Staffing a Digital Transformation Initiative? Here Are Five Tips for a Successful Collaboration with Your Enterprise Performance Partner

Jeff Lewis
Senior Client Executive
1 March 2024

When an enterprise undertakes a digital transformation, whatever the technologies at hand—SAP, Oracle, Salesforce, etc.—the stakes are incredibly high. The success of the initiative will define how the business operates and its ability to compete for many years. These programs typically require a contingent IT workforce of dozens, if not hundreds, of people with highly specialized expertise. A successful engagement requires much more than just filling a roll or a seat with a body—it’s about finding the right people, at the right time, for the appropriate investment. You must identify proven expertise that understands the strategy, is committed to the initiative, and can drive the program to a successful outcome. And whether you are working with an enterprise performance partner like Baer or a traditional IT staffing company, everyone becomes more effective when they invest in collaboration.

At Baer, we are currently partnering with a systems integrator (SI) to staff a client’s fast-moving and complex SAP S/4HANA transformation initiative. We’ve already filled more than 50 roles, and the program is just getting started. The collaboration between the SI, their client, and Baer has been exceptional, and that has me thinking about what I can do to ensure every project is such a success.

For me, it boils down to these five things:

1. Be available and responsive.

Timing is everything. Every technical expert who participates in a digital transformation initiative is part of a complex spiderweb of dependencies. If you can’t find the right expertise at the right time, the delay it causes in one area will affect other critical paths. As the world moves toward a distributed workforce model, with people working in different locations and different time zones, it’s become more commonplace to rely on asynchronous updates, but when every minute counts, some things simply must be addressed in real time.

2. Find common ground (and language).

In a digital transformation initiative, there are innumerable internal and external stakeholders, each with their own point of view, business needs, and experience. What you all have in common is the desire to find the right expertise who will minimize risk, get the job done, and deliver a positive outcome. Using that as a shared North Star and ensuring everyone has the same baseline understanding for what the process will look like both go a long way toward keeping priorities on track.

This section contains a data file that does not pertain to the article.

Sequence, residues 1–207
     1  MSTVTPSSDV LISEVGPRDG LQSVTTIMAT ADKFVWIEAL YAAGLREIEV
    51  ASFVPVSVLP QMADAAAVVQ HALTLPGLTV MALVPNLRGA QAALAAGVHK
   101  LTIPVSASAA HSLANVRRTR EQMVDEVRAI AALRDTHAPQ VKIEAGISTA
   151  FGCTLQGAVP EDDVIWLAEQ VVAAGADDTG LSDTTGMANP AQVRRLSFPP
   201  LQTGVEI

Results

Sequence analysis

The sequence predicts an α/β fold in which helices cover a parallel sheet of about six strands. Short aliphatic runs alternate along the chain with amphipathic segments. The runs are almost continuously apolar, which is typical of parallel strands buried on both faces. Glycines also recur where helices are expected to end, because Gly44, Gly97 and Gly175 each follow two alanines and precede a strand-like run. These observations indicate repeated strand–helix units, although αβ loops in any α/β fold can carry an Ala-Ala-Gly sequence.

3. Listen first, speak second.

Listening really matters when you’re dealing with complex technology. For example, a client will often say they need expertise in a specific area, but if I’ve listened well enough to understand the outcomes they are looking for, I may be able to suggest someone with a broader skillset that meets adjacent needs. Another important point: it’s much easier to listen to clients when they’re happy, and much harder when there is a challenge. I find that by gathering your thoughts first, and speaking thoughtfully and intelligently, it’s much easier to be a wise helper who guides them toward a solution.

4. Embrace change.

An initiative like an S/4HANA transformation is measured in years, and over the course of time, things are bound to change. The business might prioritize a new program focus that requires different skills, they decide to accelerate program areas, or they may postpone some. Depending on where you sit, those changes may or may not seem positive to you. Accepting this as a normal part of the process—and knowing things may change again down the road—makes it easier to reprioritize and focus on meeting the needs brought on by the change.

5. Don’t shy away from tough conversations.

In any successful collaboration, there are bound to be bumps in the road. The last thing anyone needs is a partner who slinks away the minute things get tough. Human beings are inherently emotional—we can’t help having feelings, but the presence of those feelings shouldn’t impact our willingness to communicate or how we show up in those conversations. If you can figure out ways to feel the emotion without making the situation emotional, you can get to a point where you can help. In the long run, having tough conversations and working through challenges builds trust, which is the foundation of any long-term partnership.

And at Baer, a long-term partnership is always our goal. We’re not looking to fill a seat and walk away—we’re every bit as invested in the outcome as you are.

About Baer

Unlike typical technology staffing companies, Baer is a true enterprise performance partner. We have a deep understanding of the scope of enterprise technology transformation initiatives and the highly specialized skillsets you will need at different stages of the process.

To learn more about how Baer can make a positive impact on your enterprise transformation, please reach out to, Executive Vice President, Sales, or Jeff Lewis, Senior Client Executive, at

We look forward to speaking with you and learning about your specific challenges.

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